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Re: how to force scalar to be an array?
- X-seq: zsh-users 7943
- From: Bart Schaefer <schaefer@xxxxxxxxxxxxxxxx>
- To: ZSH User List <zsh-users@xxxxxxxxxx>
- Subject: Re: how to force scalar to be an array?
- Date: Sat, 28 Aug 2004 11:08:52 -0700 (PDT)
- In-reply-to: <20040828074355.GA4953@xxxxxxxxx>
- Mailing-list: contact zsh-users-help@xxxxxxxxxx; run by ezmlm
- References: <20040827154905.GA26846@xxxxxxxxx> <Pine.LNX.4.61.0408271416370.4189@xxxxxxxxxxxxxxxxxx> <20040828074355.GA4953@xxxxxxxxx>
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On Sat, 28 Aug 2004, Andy Spiegl wrote:
> > So your only safe bet is to actually assign the scalar to an array, and
> > then use subscripting on the array.
> But then how would I be able to split the words if there are more than one?
What I meant was:
words=( $=result )
You can even do it in one expression:
Note that you have to put the splitting flag on the LEFT side of ::= or
you don't get the array behavior from the subscript when there is only one
element. That works with the (s) parameter flag and its relatives, too;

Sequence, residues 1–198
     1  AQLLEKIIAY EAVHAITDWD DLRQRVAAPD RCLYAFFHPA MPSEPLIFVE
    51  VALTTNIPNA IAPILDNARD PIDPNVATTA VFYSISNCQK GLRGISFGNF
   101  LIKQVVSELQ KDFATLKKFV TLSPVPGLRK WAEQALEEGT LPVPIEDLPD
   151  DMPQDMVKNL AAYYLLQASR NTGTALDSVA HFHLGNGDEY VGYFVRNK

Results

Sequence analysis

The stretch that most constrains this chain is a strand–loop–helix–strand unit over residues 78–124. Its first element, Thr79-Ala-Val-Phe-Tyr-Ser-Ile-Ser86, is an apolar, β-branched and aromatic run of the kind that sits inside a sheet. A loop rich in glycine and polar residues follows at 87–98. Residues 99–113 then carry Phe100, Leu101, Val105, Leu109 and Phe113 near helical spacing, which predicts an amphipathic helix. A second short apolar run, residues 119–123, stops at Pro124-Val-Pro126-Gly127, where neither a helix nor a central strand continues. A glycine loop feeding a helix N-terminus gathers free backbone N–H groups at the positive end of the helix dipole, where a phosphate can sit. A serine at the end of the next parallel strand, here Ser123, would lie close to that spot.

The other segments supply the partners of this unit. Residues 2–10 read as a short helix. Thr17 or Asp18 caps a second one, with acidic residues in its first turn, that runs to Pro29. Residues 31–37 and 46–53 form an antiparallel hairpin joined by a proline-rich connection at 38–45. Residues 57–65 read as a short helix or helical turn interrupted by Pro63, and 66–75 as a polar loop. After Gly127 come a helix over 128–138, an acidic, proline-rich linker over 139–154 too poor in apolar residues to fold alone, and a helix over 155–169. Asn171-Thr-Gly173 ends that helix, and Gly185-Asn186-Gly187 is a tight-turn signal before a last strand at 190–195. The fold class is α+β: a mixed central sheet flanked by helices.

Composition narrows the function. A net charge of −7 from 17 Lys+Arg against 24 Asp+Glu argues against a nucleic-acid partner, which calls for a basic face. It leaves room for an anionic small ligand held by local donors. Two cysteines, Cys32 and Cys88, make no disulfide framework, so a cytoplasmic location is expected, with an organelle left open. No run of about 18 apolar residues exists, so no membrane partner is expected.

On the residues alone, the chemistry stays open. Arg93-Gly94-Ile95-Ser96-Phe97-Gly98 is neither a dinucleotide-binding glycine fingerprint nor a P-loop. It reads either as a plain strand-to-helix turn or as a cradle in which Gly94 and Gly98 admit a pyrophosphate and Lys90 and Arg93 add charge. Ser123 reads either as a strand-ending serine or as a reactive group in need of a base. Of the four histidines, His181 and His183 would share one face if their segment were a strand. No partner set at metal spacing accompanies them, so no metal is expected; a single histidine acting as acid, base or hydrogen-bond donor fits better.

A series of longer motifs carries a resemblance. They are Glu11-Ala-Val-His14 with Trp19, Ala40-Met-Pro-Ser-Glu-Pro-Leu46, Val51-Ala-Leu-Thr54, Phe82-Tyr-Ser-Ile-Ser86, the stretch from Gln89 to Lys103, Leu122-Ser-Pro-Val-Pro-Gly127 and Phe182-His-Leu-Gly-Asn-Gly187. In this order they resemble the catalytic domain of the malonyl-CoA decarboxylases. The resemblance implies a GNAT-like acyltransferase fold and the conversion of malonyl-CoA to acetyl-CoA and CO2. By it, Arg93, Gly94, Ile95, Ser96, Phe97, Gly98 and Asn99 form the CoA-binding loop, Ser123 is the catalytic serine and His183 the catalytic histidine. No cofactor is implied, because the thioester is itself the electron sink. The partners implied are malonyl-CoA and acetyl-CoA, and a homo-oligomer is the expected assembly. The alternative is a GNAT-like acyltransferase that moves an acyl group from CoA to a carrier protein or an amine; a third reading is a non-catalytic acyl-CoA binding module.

> Hm, I think I must be doing something wrong here. Shouldn't it be an
> absolutely easy and common task to split a line into its words and then
> pick the first one and the rest of them.
Yes, you'd think so, but it's been zsh's behavior for a long time to treat
a one-element array as a scalar in certain contexts. You'd also think
that the (@) flag would fix that, but it only *preserves* array-ness in
the transition from inner to outer nested expansions, it doesn't *create*
array-ness from a scalar.
The latter might be something we could consider changing without much risk
of breaking anything.
> In Perl I'd do for example: (just to illustrate what I want to do)
> @words = split (/\s/, $result);
> or maybe:
> $result =~ /(\S+)(.*)/;
You can do that latter one in zsh, too, if you have extendedglob set:
print -l $match $match
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